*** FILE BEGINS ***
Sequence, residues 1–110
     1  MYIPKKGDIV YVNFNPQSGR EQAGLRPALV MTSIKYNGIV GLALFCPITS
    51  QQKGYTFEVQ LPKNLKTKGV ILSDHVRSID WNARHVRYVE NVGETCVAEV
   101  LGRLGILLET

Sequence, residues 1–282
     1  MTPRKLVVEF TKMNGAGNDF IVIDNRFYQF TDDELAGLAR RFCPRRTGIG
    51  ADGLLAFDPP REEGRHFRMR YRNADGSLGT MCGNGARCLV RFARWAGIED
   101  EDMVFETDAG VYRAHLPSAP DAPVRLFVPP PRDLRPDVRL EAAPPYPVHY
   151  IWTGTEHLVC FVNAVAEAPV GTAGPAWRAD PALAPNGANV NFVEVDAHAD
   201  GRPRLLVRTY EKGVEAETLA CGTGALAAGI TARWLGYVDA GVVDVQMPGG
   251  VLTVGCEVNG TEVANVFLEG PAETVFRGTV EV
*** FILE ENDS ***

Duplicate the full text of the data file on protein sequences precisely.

Sequence, residues 1–110
     1  MYIPKKGDIV YVNFNPQSGR EQAGLRPALV MTSIKYNGIV GLALFCPITS
    51  QQKGYTFEVQ LPKNLKTKGV ILSDHVRSID WNARHVRYVE NVGETCVAEV
   101  LGRLGILLET

Sequence, residues 1–282
     1  MTPRKLVVEF TKMNGAGNDF IVIDNRFYQF TDDELAGLAR RFCPRRTGIG
    51  ADGLLAFDPP REEGRHFRMR YRNADGSLGT MCGNGARCLV RFARWAGIED
   101  EDMVFETDAG VYRAHLPSAP DAPVRLFVPP PRDLRPDVRL EAAPPYPVHY
   151  IWTGTEHLVC FVNAVAEAPV GTAGPAWRAD PALAPNGANV NFVEVDAHAD
   201  GRPRLLVRTY EKGVEAETLA CGTGALAAGI TARWLGYVDA GVVDVQMPGG
   251  VLTVGCEVNG TEVANVFLEG PAETVFRGTV EV